Author Topic: World War One Whifs  (Read 11177 times)

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Offline nighthunter

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Re: World War One Whifs
« Reply #105 on: April 09, 2018, 09:38:23 am »
"Mind that bus." "What bus?" *SPLAT!*

Offline stevehed

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Re: World War One Whifs
« Reply #106 on: April 10, 2018, 04:22:52 pm »
Thanks Guys, appreciated. I remembered the Finnish SE5a and considered it for a while. Rejected it on the grounds of the overwing Lewis. Hadn't thought of staggered mgs. Or maybe an extra Maxim in between the cylinders like Guynemers cannon.

regards, Steve

Offline stevehed

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Re: World War One Whifs
« Reply #107 on: December 15, 2018, 01:19:18 pm »
My latest whif and entry in the ATF Whiff GB. It's a follow on from the previous Albatros D.VI back story. After cutting their teeth on the Albatros D.VI the LMA company designed a parasol observation aircraft based on the Hannover designs the company was building parts for. At least 35 aircraft were built during 1919 and they served with the Ukrainian(UNR) Air Force during 1919-20. After the Bolsheviks had defeated the White Forces in Southern Russia the Reds turned their attention to the Ukraine and Poland. Although eventually driven back from Poland the Ukraine was overrun and fell under Communist rule. The defeated UNR forces retreated into Czechoslovakia and Poland. What equipment remained was deemed unserviceable and scrapped. Although an LMA design the aircraft were known as Hannover Parasols. The first ten aircraft had the latest Mercedes engines but the remainder used former Austro Hungarian 225hp Austro Daimler engines from Czechoslovakia. As the Allied Commissioners drew nearer LMA moved over the border and merged with Avia, who were to become a major Czech aircraft manufacturer, and maintained a supply of engines, parts and aircraft to the Ukraine.

The donor kit is the Airfix Hannover CLIIIa. Being a monoplane I reckoned that the wing would need to be increased in span and chord. I had the remains of another upper wing from a previous Hannover kit bash and managed to get two sections 0.65ins, 12mm, wide which increased the span to 45ft. A length of .030 x .080 strip was cemented to the leading edge and blended in with filler to increase the chord. The other major change was to the tail unit. I removed the fin and rudder and replaced it with a modified half elevator from the Airfix Albatros D.V. The tail planes are remnants from the Airfix Bristol Fighter. The cabane struts are kit parts while the wing struts are .020 x .040 strip with rod dividers. The engine is the kit part re-modelled to look Austro Daimler by removing the exhausts and replacing with six individual pipes from a Roden Albatros. A Roden Gotha supplied a couple of bombs but the rest of the build was OOB. Build thread and I tweaked RCW history a little to create another future Whif area of operations.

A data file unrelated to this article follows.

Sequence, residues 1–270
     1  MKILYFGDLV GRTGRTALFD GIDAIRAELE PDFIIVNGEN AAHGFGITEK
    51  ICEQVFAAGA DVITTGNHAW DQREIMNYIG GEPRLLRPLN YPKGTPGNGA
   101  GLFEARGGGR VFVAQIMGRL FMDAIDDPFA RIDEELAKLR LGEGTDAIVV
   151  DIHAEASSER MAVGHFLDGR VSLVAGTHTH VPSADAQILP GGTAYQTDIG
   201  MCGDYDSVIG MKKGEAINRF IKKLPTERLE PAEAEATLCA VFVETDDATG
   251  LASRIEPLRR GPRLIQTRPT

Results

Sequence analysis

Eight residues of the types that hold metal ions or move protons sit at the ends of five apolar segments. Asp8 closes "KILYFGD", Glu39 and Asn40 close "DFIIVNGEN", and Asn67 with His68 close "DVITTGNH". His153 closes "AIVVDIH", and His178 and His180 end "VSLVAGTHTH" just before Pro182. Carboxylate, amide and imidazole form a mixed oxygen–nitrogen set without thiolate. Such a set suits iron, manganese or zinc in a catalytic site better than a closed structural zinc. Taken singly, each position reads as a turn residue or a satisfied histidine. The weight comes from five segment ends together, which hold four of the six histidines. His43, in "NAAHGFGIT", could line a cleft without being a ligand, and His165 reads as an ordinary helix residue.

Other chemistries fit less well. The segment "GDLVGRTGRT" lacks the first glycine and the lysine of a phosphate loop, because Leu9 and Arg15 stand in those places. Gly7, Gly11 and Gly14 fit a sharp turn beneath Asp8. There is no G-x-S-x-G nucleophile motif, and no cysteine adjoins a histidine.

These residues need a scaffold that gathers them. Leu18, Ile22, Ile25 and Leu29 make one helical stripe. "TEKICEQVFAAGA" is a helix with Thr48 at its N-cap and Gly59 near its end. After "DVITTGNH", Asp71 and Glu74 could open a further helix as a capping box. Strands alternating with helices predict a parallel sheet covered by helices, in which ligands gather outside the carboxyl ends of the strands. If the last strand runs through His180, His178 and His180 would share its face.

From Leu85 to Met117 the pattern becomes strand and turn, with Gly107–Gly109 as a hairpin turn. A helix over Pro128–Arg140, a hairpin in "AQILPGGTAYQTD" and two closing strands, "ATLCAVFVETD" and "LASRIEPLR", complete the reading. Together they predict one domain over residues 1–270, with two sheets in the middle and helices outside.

https://www.tapatalk.com/groups/airfixtributeforum/2018-airfix-whiff-gb-stevehed-s-build-t52881.html






Regards, Steve

Offline NARSES2

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Re: World War One Whifs
« Reply #108 on: December 16, 2018, 05:59:15 am »
That is excellent. There is no way I would have recognised that you had started with the old Airfix Hanover.

Given a different engine/nose and possibly a slightly changed tail appendage I can see that in use during the early 30's with the Poles perhaps ?
Decals my @r$e!

Offline stevehed

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Re: World War One Whifs
« Reply #109 on: January 10, 2019, 12:00:54 pm »
Thanks Narses2. The Hannover kit has been a welcome surprise over the years and proved useful in five conversions to date. Of equal if not greater potential is the Airco DH4 and here is my second ATF entry for this year. It is the Airco DH4-3m and came about after I read that the DH4 airframe was ready by mid 1916 but the intended power plant, the 250hp Rolls Royce Eagle, wasn't available in sufficient numbers until the end of the year. The first DH4 squadron did not reach France until March 1917. But if a combination of the lower powered but readily available engines could produce a viable stop gap I'm sure the navy would have found a use for it after the Airco board outfoxed an attempt by a certain engine manufacturer to play politics. Here's the back story.